JOSEPH, Ore. (AP) — The Nez Perce Tribe is reclaiming an ancestral village site in Eastern Oregon more than a century after being pushed out the area.

This month, the tribe purchased 148 acres of an area known as “the place of boulders,” or Am’sáaxpa, Oregon Public Broadcasting reported.

Chief Joseph once held council on the ridge above, before a sweeping view of the Wallowa Mountains. Tribal members would camp there and catch sockeye salmon along the Wallowa River.

“We feel fortunate to be at this juncture in time to be able to say that we are on our way home. We feel the landscape misses us, and we miss the landscape,” Nez Perce Tribal Executive Committee Chairman Shannon Wheeler said.

The land was part of an 1855 treaty that granted the tribe millions of acres and the right to fish and hunt on lands ceded to the U.S. government. But then the U.S. Army forced the Nez Perce to leave the area in 1877, in violation of that treaty.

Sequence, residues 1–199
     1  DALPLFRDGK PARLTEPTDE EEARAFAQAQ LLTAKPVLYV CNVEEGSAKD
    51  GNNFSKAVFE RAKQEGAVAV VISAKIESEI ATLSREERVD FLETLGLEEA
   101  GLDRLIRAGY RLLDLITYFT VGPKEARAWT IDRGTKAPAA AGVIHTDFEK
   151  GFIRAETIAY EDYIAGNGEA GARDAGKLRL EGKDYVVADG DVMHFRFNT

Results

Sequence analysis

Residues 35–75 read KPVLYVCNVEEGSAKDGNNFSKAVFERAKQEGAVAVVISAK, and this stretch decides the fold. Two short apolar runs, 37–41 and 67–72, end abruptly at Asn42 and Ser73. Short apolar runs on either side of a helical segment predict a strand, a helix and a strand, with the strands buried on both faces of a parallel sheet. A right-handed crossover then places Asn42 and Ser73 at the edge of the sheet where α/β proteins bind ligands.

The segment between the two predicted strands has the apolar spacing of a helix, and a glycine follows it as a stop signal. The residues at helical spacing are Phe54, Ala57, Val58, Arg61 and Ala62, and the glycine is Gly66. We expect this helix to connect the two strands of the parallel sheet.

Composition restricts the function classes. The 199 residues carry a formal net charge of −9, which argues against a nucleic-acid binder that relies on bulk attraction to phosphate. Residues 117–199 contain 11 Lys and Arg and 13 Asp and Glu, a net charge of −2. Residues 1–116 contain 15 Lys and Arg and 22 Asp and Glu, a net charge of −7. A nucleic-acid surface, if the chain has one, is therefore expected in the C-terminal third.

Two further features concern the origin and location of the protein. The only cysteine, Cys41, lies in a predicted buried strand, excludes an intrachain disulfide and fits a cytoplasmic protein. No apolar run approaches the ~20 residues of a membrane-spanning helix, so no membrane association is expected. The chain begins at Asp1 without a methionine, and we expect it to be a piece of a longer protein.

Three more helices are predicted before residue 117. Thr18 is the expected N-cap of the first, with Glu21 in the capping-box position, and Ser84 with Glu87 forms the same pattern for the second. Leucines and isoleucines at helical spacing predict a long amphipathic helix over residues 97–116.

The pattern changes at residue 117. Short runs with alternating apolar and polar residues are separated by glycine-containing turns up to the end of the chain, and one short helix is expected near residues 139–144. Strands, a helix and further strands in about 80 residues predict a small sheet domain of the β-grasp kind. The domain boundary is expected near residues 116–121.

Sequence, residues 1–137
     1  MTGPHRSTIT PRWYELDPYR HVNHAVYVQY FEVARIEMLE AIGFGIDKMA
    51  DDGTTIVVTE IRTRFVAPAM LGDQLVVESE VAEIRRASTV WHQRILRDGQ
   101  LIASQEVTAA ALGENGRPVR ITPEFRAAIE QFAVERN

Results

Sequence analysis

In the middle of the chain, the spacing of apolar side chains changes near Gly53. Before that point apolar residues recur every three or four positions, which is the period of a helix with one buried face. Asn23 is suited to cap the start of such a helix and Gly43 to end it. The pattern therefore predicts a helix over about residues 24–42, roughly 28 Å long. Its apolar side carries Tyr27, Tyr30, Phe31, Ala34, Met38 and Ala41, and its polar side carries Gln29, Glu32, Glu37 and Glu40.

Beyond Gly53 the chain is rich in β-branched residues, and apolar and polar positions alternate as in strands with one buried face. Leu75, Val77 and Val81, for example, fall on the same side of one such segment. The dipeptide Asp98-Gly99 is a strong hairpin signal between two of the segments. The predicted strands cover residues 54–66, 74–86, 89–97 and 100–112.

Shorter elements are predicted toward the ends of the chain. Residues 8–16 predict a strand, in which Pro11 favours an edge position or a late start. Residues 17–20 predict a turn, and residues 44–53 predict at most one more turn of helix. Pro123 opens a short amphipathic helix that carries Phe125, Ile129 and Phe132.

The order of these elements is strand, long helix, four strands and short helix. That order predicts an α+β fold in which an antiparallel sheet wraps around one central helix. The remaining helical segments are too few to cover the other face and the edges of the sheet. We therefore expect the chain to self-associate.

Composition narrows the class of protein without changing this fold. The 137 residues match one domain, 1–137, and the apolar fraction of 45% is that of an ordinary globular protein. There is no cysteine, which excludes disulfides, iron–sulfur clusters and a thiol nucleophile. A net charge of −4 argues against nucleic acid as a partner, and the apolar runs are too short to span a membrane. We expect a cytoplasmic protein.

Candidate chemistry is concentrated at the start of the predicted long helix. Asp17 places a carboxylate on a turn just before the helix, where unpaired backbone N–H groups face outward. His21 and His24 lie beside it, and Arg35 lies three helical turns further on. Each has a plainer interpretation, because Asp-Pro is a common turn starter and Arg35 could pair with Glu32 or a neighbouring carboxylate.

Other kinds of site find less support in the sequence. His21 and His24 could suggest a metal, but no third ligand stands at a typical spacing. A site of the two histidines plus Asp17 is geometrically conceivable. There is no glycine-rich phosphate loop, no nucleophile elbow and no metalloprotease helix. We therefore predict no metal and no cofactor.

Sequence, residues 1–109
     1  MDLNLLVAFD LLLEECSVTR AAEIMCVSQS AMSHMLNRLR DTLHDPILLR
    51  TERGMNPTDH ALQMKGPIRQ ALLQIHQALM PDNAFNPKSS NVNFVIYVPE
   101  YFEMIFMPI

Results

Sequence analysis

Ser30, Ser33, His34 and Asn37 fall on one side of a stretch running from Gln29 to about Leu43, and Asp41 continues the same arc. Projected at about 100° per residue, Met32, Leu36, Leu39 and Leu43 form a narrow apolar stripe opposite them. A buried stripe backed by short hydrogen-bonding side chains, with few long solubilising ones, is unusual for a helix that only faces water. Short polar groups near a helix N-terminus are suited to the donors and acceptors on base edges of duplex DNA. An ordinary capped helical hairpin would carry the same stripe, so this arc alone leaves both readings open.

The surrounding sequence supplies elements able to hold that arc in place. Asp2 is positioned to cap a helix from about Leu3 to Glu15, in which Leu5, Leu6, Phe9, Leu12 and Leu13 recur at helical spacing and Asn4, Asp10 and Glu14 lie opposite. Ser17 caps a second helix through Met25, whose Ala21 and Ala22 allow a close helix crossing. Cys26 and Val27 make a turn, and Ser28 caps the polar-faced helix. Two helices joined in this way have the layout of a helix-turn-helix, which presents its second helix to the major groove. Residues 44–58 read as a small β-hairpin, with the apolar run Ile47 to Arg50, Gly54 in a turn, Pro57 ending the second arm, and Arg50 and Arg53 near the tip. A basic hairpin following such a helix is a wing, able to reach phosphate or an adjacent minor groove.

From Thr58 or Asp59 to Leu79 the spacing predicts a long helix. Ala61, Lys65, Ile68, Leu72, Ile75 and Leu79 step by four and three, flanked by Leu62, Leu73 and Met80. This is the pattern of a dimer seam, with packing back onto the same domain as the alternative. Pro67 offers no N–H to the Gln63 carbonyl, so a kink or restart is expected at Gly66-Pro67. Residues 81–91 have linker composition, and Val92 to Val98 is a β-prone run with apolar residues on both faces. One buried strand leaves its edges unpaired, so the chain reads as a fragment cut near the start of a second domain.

Nakia Williamson-Cloud, cultural resource program director for the Nez Perce Tribe, said many history books are wrong in saying tribal members never returned to the area. Those who returned were often harassed or cited for trespassing, Williamson-Cloud said.

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“It’s been a long struggle for our people to maintain that connection, but they did,” he said.

The purchase consists of farmland located behind the Joseph Rodeo Grounds. It includes Wallowa River frontage and some water rights.

The land has changed dramatically. Now, there’s a dam blocking sockeye from swimming up to Wallowa Lake. Williamson-Cloud said the tribe is hoping to reintroduce sockeye to the area and create fish passage into the lake.